Leyte reconstruction: MGB maps 'no build zones'

NEED FOR MAPPING. Geohazard mapping can help identify where it is safe to build infrastructure. File photo of Palo, Leyte by EPA/RITCHIE B. TONGO

NEED FOR MAPPING. Geohazard mapping can help identify where it is safe to build infrastructure. File photo of Palo, Leyte by EPA/RITCHIE B.

TONGO

MANILA, Philippines – The Department of Environment and Natural Resources (DENR) will help identify areas in typhoon-ravaged Leyte where it is unsafe to build relocation sites.

The request for assistance came from the Department of Public Works and Highways (DPWH), the agency in charge of rebuilding infrastructure in the province devastated by Super Typhoon Yolanda (Haiyan).

In response, the DENR's Mines and Geosciences Bureau will send a team of 5 licensed geologists on the week of November 25 to survey the localities.

It will take a week or two for the team to complete the mapping of so-called "no build zones," areas where building of infrastructure should not be permitted because of their exposure to landslides, flooding, or storm surges.

"This would help us clearly define the permanent relocation sites," said MGB Director Leo Jasareno. "There are still many displaced residents in need of permanent shelter."

These danger zones will then be plotted on multihazard maps currently being used by local government units. It can serve as a guide to the LGUs, which face the challenge of rehabilitating and rebuilding their communities – some from scratch.

Geohazard mapping

The MGB has used the same technology and expertise to help the country brace for Yolanda's ferocity. A day before the super typhoon made landfall in Eastern Samar, the bureau released data showing the localities in the country most vulnerable to landslides and flooding.

It showed Caraga in northeast Mindanao to be the region with the highest percentage of municipalities where landslides and floods are most likely to occur. On November 8, when Yolanda unleashed its heavy rains, MGB data warned 41 barangays in Mimaropa region were highly vulnerable to landslides.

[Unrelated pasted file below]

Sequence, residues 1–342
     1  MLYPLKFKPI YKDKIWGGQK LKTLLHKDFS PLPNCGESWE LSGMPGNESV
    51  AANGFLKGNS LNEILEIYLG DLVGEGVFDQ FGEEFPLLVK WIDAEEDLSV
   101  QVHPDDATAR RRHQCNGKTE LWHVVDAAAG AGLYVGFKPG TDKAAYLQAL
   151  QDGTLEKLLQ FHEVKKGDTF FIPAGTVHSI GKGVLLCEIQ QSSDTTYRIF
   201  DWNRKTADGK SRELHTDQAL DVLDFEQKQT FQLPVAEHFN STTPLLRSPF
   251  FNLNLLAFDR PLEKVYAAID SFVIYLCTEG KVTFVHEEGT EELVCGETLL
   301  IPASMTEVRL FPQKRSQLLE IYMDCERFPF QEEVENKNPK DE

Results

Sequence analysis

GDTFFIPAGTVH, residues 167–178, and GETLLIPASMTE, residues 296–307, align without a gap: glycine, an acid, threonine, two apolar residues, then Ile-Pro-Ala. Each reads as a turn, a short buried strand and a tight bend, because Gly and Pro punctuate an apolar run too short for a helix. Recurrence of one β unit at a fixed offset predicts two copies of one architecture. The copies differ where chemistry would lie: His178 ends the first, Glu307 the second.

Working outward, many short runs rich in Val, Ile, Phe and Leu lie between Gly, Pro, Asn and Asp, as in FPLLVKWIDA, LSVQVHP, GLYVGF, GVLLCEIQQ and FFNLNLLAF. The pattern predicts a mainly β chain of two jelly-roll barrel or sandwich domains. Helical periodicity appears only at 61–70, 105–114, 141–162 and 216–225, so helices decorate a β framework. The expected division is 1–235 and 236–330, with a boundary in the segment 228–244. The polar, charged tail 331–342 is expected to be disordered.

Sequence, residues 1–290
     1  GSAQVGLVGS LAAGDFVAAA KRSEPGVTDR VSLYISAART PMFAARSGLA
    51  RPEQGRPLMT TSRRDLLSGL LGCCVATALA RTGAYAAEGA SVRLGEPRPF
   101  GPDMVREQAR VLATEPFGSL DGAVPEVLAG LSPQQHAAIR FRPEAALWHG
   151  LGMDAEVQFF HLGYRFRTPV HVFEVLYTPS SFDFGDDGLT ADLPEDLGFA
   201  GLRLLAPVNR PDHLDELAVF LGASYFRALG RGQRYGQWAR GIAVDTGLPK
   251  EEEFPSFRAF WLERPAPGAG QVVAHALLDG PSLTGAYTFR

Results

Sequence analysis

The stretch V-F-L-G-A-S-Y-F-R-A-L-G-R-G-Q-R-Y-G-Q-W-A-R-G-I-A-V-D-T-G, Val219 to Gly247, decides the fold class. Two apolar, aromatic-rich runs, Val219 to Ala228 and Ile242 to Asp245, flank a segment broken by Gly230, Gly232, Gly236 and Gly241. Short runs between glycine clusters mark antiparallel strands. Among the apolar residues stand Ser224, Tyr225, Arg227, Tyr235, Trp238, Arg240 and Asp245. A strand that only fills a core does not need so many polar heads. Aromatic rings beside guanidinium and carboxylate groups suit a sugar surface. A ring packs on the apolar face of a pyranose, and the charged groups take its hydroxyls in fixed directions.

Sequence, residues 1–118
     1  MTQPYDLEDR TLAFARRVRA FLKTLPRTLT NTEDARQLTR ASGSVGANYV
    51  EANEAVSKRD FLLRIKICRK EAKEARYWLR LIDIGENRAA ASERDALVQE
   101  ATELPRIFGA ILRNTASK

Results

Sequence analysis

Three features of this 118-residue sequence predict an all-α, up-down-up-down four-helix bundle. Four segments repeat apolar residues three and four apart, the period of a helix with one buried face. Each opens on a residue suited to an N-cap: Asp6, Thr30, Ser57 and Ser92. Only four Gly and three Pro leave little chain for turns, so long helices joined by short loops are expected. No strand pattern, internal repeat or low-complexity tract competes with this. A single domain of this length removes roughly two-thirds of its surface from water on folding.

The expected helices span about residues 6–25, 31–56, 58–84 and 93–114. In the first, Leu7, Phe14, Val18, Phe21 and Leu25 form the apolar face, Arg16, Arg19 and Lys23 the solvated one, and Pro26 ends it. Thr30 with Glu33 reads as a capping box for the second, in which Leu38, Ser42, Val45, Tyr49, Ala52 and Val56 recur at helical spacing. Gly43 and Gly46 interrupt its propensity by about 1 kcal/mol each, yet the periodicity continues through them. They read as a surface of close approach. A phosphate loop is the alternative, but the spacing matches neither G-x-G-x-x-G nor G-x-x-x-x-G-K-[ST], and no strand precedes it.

The data was based on geohazard maps prepared by the bureau which looks at naturally-occuring or human-catalyzed geological phenomena that can endanger human lives. These include landslides, floods, and land subsidence or the lowering of land surface because of excessive extraction of water from the ground.

The Geohazard Mapping and Assessment Program is an on-going priority program of the DENR. Aside from data gathering and assessment, it aims to distribute geohazard maps to local government units and conduct seminars for community leaders in preparation for geohazards.

The identification of disaster-prone areas is an essential component of rebuilding Yolanda-hit areas so they are better prepared for the next calamity. Other disaster-ready ideas have sprung up with suggestions for sports stadiums that can be converted into evacuation centers and typhoon-ready housing

President Benigno Aquino III is set to certify as urgent a P14.6 billion fund that will go mainly to rebuilding infrastructure in calamity-struck regions. Yolanda alone caused around P12 billion worth of damage to infrastructure. – Pia Ranada/Rappler.com